This might not be a crisis!

This might not be a crisis!

May 9, 2020 0 By Michel Santi


The comparison between the Covid-19-stamped economic crisis and the 2007-2008 crisis is fascinating. Do you remember: at the time, the real economy was suffering the direct consequences of an overindebted banking system that made heavy use of leverage. Faced with this existential threat, the response was rather classic, in that it consisted of creating relief mechanisms for these banks, together with changes to prudential rules. In the post-lockdown world, the situation will be the total opposite because it’s the banking system that, henceforth, will be confronted with a real economy that – in turn – will find itself overindebted.

A restructuring

During the lockdown, many companies’ liquidity and incomes have been hung out to dry, and production meant to happen during this period has been lost forever. This is why companies that are still standing and will remain alive for the weeks to come are hoping for a resurrection of these cash flows, but with the clear objective of recovering as quickly as possible, of reassuring their employees, and of rekindling their previous revenue projections, and not to redirect a huge part of this liquidity to paying off their borrowings or even the interest on their debts. It is therefore a restructuring that must be introduced in order to definitely avoid a situation where bank loans cause more harm to – or even spell the end for – our economic conditions. It is therefore crucial for all actors, like for the recovery of a seriously compromised growth rate, that simplified administrative procedures be put in place that would allow a debt restructuring for businesses, because their insolvency is not at all their own doing nor the result of poor management but – as well all know – the direct consequence of the pandemic.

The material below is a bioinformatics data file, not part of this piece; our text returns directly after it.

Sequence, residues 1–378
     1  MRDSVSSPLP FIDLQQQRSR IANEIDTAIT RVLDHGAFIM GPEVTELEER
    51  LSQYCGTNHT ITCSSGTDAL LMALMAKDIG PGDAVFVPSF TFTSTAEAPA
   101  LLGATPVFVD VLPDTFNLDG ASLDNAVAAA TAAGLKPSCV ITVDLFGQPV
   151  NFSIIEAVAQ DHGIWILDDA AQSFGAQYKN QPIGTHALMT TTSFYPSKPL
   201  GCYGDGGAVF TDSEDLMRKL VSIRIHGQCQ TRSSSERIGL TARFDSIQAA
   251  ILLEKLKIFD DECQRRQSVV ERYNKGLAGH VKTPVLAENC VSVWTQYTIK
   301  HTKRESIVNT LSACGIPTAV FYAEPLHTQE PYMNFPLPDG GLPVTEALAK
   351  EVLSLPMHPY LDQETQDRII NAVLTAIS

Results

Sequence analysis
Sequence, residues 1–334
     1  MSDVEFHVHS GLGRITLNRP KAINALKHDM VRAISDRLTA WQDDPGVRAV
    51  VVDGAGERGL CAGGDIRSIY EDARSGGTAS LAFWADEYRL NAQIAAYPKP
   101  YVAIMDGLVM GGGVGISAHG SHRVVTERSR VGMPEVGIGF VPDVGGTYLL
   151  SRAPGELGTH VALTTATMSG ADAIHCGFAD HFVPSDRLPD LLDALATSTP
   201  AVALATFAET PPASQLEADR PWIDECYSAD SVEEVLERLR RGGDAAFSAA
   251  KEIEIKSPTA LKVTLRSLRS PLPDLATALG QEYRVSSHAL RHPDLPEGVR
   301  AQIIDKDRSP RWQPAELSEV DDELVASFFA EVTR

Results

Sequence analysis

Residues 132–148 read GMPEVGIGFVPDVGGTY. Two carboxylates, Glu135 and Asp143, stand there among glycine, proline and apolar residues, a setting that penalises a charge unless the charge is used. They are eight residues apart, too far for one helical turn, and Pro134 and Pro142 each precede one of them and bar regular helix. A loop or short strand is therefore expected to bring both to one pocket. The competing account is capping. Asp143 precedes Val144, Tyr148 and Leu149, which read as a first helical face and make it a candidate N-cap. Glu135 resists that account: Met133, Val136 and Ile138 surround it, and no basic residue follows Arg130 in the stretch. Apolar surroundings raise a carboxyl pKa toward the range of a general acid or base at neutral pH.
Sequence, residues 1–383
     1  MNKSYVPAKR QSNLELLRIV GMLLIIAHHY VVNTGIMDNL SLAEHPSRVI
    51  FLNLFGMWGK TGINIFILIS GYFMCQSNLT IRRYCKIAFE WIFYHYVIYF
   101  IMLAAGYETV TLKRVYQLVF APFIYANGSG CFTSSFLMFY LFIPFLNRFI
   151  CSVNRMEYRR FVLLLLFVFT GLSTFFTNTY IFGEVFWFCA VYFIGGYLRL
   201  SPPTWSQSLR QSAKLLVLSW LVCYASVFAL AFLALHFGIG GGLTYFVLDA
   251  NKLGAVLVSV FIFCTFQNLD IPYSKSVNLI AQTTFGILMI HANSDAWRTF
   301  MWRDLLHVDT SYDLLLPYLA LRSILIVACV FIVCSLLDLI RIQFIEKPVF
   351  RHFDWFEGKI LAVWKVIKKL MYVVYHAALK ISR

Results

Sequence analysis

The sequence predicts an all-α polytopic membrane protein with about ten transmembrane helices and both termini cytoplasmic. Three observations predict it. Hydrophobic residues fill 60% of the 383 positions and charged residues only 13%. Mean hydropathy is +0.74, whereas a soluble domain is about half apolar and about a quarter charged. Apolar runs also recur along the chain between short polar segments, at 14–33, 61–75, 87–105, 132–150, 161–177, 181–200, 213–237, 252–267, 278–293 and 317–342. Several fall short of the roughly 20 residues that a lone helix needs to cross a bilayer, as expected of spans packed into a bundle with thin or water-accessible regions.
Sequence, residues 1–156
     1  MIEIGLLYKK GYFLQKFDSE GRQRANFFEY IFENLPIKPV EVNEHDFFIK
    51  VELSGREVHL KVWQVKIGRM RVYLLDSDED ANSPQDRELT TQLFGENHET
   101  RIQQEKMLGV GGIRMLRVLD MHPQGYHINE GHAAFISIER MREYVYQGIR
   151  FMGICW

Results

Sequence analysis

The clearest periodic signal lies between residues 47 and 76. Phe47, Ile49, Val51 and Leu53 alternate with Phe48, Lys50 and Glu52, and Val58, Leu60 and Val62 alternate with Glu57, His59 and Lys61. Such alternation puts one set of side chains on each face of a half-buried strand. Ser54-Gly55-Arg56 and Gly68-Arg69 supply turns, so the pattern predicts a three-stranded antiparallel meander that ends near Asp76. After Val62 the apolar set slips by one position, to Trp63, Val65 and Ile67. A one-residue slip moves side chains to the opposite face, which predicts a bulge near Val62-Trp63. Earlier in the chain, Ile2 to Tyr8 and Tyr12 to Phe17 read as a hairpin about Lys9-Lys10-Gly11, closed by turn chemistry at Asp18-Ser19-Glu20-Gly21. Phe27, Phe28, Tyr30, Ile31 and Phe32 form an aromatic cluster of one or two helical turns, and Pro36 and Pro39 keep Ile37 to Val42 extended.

Buying bad debtsback from banks

Additionally, if our politico-economic leaders’ worry is indeed about relaunching the economy in the best conditions and in the shortest timeframe possible, it is also just as important to encourage banks to lend, but they will only be motivated to do so – and will not be able to from the simple point of view of regulations – if they are relieved of their bad loans. In fact, even if the government acts as guarantor for the borrowings of enfeebled companies, the banks will only be able to involve themselves in matters of new loans that would allow us to rebuild and facilitate new investments if the previous loans disappear from their balance sheets! The government – or Europe rather – will therefore have to hastily introduce a vehicle that will buy back these bad, rotten loans from the banks, and as quickly as possible, so that their cleansed balance sheets allow them to fund the recovery.

The alternative?

So yes, it’s us the taxpayers who, ultimately, will have to foot the bill and we have known since 2008 that it’s us – and not the central banks – that are the real lenders of last resort. But we live, progress, consume and invest in a Western world that we know is crumbling under debt. This is why our toolbox is alas now reduced to its most basic form, and is why the alternative to the aforementioned solution would be a headfirst plunge into catastrophe.

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